Since the beginning of Israel’s “Operation Pillar of Defense,” the number of Palestinians killed or injured has risen dramatically. How harsh, I feel, to use the word “number” since we are not actually mere numbers, but very tragic, heartbreaking and harrowing stories.
My aunt lives in al-Bureij refugee camp in the center of the Gaza Strip, not far away from where I live in Deir al-Balah. Her house was bombed many times during Israel’s 2008-09 attacks on Gaza and is still a very possible target for the Israeli air strikes.
The actual target is her brother-in-law who now has taken Ahmad Jabari’s place as a new commander in Hamas’s military wing. For the sake of their target, Israeli F-16s couldn’t care less when they kill children, women or the elderly or to destroy a five-story building even if they know that “the wanted man” doesn’t stay with his wife and children in this home.
We heard a very loud explosion in al-Bureij and swiftly we called my aunt who was barely able to speak to check on her safety. The blast was in her neighbour’s house and the victim this time is a one-year-old baby Eyad Abu Khusa. Though she has refused to leave her house since the start of this ongoing assault, she, along with her two sons, came today to stay with us after the repeated bombardment of al-Bureij.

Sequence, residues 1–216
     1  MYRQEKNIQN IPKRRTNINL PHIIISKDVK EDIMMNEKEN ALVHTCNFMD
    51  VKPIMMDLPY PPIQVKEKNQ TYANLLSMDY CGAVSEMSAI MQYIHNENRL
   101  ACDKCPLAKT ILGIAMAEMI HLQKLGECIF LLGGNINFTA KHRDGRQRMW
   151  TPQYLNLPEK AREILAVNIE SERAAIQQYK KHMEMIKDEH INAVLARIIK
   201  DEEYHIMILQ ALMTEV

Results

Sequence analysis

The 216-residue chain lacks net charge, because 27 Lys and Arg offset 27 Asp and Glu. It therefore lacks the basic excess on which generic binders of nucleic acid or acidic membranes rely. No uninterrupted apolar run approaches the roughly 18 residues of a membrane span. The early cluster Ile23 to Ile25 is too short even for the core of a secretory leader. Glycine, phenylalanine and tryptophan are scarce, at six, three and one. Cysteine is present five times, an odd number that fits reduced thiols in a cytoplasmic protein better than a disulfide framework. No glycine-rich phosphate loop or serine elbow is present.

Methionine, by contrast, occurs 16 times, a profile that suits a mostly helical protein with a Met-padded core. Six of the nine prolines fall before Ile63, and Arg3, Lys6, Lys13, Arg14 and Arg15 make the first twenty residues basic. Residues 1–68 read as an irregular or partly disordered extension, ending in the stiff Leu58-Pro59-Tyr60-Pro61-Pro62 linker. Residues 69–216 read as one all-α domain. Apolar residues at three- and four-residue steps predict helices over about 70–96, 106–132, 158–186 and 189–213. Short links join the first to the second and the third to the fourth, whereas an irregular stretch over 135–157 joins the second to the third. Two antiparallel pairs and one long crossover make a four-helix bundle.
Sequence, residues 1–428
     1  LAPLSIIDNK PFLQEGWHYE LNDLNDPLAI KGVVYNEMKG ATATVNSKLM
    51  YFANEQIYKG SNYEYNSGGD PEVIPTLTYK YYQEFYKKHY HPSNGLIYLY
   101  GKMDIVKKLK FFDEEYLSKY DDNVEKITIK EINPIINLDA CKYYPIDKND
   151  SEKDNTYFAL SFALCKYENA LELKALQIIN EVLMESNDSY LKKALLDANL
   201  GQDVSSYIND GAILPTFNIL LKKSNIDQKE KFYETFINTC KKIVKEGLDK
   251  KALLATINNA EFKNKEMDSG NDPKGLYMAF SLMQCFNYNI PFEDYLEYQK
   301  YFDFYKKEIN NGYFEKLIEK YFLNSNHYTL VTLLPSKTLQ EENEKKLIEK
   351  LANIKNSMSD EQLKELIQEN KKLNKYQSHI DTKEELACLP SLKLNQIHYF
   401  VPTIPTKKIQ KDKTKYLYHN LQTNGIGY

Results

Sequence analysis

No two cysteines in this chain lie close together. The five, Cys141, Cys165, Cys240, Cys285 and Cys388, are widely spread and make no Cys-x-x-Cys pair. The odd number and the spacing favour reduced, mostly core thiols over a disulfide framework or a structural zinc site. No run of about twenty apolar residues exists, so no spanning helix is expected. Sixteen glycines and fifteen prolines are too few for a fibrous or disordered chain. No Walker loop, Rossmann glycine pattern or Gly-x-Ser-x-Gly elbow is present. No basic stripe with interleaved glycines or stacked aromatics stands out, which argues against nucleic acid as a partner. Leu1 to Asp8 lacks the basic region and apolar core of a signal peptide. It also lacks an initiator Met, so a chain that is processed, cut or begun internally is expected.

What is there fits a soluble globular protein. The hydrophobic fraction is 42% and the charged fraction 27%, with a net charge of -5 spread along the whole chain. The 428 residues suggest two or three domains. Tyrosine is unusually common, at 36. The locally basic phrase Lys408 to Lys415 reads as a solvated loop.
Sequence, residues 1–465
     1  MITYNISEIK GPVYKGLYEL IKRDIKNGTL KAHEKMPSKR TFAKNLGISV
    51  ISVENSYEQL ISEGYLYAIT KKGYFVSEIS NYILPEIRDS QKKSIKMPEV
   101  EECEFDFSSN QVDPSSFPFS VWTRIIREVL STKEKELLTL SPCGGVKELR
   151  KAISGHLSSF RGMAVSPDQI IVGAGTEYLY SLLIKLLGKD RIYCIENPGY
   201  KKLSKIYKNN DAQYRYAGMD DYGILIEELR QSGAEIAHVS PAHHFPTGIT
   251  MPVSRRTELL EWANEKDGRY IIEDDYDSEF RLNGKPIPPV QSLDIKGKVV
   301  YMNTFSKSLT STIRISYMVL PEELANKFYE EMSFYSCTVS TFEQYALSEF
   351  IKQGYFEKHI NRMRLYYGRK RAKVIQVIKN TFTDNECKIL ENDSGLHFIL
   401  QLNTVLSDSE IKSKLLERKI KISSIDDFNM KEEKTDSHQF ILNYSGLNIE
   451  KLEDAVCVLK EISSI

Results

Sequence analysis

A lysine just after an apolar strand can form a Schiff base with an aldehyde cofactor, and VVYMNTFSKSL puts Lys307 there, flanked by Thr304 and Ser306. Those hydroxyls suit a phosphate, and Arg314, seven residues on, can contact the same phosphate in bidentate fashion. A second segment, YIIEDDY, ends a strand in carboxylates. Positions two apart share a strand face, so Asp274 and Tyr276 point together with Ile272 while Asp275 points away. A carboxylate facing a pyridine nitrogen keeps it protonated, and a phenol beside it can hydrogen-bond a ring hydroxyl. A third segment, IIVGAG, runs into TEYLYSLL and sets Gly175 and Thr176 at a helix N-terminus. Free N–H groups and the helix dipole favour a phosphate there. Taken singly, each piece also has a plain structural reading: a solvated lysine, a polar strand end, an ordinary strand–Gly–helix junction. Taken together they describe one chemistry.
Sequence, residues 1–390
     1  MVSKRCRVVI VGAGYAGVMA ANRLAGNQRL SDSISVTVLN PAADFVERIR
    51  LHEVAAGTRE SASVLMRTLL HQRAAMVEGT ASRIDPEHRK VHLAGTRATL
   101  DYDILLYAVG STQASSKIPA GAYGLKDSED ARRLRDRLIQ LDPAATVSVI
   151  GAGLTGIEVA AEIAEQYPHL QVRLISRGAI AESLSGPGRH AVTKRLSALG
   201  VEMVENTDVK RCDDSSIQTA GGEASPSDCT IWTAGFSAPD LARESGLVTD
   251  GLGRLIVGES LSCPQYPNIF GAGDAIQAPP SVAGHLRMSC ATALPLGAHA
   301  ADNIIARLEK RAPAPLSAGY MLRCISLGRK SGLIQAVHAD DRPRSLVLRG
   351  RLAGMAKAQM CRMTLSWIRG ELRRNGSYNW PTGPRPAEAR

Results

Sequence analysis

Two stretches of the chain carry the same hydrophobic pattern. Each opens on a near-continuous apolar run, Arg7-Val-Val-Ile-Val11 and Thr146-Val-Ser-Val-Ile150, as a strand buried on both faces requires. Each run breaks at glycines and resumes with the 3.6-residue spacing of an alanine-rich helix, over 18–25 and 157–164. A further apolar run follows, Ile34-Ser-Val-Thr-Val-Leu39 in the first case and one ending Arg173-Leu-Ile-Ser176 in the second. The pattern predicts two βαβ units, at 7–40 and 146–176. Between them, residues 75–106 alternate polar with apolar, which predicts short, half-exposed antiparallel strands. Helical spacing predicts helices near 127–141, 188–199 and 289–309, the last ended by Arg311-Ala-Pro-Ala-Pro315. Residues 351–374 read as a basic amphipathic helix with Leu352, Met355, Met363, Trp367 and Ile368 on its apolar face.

No shelter is safe
Another aunt left her house in Rafah and brought her two daughters, saying she doesn’t wish to die away from her parents and brothers. Both aunts, along with us, thought that our area might be a “safer one.” But what is a “safer place” when everyone is a possible target? When the whole strip is a bare land to the Israeli reconnaissance aircrafts?
Ironically, my aunts were welcomed by the most piercing blast we ever heard and we all witnessed the black smoke very close to us, the same moment we were speaking about the “safer place.” We knew later that it was the warplane Hamas declared it had downed. No shelter in Gaza is safe. I realize it is our instinctive human nature that we tend to grab a hold of our loved ones, keep them near and hold them tight such times. This, as it happens, is what might give us a sense of safety — we think.
Since the morning, with the killing of Tamer al-Hemry, a Palestinian Islamic Jihad member, a vast rage and anger at Israel has been stoked in Deir al-Balah. Though Tamer, 25 years old, was involved in armed resistance, he was not involved in militant tasks or firing rockets when he was assassinated.
The Israeli jet located him by calling him on his cell phone, which he answered, and hit him before he could escape death. Al-Hemry was a neighbor and relative and his funeral was held right outside my front door.
Whenever someone has been martyred, we can hear everywhere unfaltering calls from mosques emboldening people and encouraging them to keep their patience, steadfastness and resistance high. That dreary day, since the first hours of the day, a very close mosque has been asking people to come and pray over the martyr. Hundreds of townsmen did so, accompanied by photographers and buses bringing people from other places.
Radio-frequency amplifiers were transmitting religious and revolutionary songs all over the street. Though the number of mourners was really prodigious, people were conscious that Israel might, at any moment, bomb the funeral, as it in point of fact did on the first day of the offensive.